It is probable that the assumption that every original text must be, by its nature, necessarily superior to its translation (both in ontological and qualitative terms) intensified in the Romanticism, with the sublimation of creation, individualism and originality. However, much earlier on, we can find numerous accounts which do not speak of a relationship of parity. This premature, evaluative and normative conception born from a tradition inevitably oriented towards the original pole, has been challenged systematically in recent years by various post-structuralist theorists who have devoted themselves to rethinking the notion of originality. This view posits that the foreign text is not self-sufficient, complete in itself and independent, but would be, from a metaphorical point of view, also a translation in itself, being the result of the writer’s processing of a meaning, a concept, an emotion. Moreover, the translation process, understood as an interlinguistic and cultural transfer, becomes an activity that enables a text to perpetuate its life in another context, and the translated text acquires the status of the original by virtue of its existence in the new context. This approach is suggestive, as the assumed original becomes subject to its translation or translations to achieve an effective activation of new readings and more meaningful interpretations, as well as to ensure its survival.
In fact, what is at stake here is nothing less than the question of intertextuality: that of the original text with other texts; that of the original text with its translations; that of the different translations of a text between them; that of those translations with other texts in the target language. There is no doubt that the various translations of the same text develop some important relationships that have fundamental consequences for translators and translation students. The existence of previous translations (mainly in their own language, since that way intertextuality is reinforced) allows the translator to perform a collation that can, in some cases, determine the decision-making process and even lead to a tangible influence on the result of his or her own translation activity. Obviously, depending on the degree of such influence, there is room for talk of plagiarism. Even when that is not the case, when there is no influence of any kind, it is beyond doubt that each era has its own translation norms which the translator internalizes, then accepts or rejects. Both options have a fundamental impact on the final product. From the point of view of the researcher, the comparison of successive translations allows for the performance of a research on the ways in which a given author, a particular work, has been translated through time, and then for the formulation of hypotheses about its reception in a given context. In fact, it is a path long practiced in Descriptive Translation Studies research.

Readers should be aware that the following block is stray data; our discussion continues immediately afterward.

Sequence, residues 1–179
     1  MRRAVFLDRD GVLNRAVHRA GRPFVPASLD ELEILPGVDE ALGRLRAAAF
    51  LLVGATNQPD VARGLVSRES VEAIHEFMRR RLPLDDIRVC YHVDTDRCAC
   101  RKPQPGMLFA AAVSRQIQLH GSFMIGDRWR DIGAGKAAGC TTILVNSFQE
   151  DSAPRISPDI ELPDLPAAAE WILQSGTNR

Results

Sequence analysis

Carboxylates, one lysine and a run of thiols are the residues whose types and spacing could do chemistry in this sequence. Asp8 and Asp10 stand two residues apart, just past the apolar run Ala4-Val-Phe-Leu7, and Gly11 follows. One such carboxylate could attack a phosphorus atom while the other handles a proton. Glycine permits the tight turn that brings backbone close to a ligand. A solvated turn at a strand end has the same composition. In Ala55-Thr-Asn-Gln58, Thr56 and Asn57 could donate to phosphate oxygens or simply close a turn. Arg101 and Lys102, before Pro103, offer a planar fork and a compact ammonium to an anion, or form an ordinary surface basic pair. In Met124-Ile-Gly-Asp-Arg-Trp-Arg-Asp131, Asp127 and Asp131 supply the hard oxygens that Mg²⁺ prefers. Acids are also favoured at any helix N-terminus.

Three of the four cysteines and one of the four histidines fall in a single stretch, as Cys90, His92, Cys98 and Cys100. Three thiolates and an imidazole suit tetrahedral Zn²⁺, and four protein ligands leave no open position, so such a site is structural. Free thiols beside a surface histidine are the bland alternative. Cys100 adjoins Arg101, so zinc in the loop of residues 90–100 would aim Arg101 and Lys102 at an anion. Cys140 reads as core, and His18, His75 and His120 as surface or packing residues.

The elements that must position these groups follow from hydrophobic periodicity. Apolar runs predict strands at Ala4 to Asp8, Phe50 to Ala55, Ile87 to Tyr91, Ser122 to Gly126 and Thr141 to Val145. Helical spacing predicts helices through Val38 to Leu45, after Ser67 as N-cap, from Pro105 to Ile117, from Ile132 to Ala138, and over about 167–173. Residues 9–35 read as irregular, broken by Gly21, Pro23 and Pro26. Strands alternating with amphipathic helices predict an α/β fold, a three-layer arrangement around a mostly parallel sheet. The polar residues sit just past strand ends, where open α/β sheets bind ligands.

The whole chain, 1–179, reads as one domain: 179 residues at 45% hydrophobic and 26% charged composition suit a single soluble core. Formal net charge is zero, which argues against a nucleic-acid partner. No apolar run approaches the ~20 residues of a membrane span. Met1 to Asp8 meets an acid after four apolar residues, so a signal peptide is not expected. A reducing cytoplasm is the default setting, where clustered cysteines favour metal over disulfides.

This issue of retranslation is inseparable from the issue of canon, to the point that they are absolutely interdependent: retranslations contribute to provide the status of classical texts, and their own status of classic texts encourages new retranslations. Let us remember that there is nothing intrinsic to a text that makes it canonical, but instead the specific facts of the literary system it belongs to are what favour or not its potential canonicity. Translation can, in fact, help to promote the canonical status of a text. An example is the usual practice of referring to an author as “translated into X languages” in order to highlight his or her importance. If we understand that reading a classic somehow involves rereading it, as Italo Calvino has done in his famous work Why Read the Classics, we could understand and justify the need for retranslation, since at the end a classic proves to be endless in its potential for interpretation.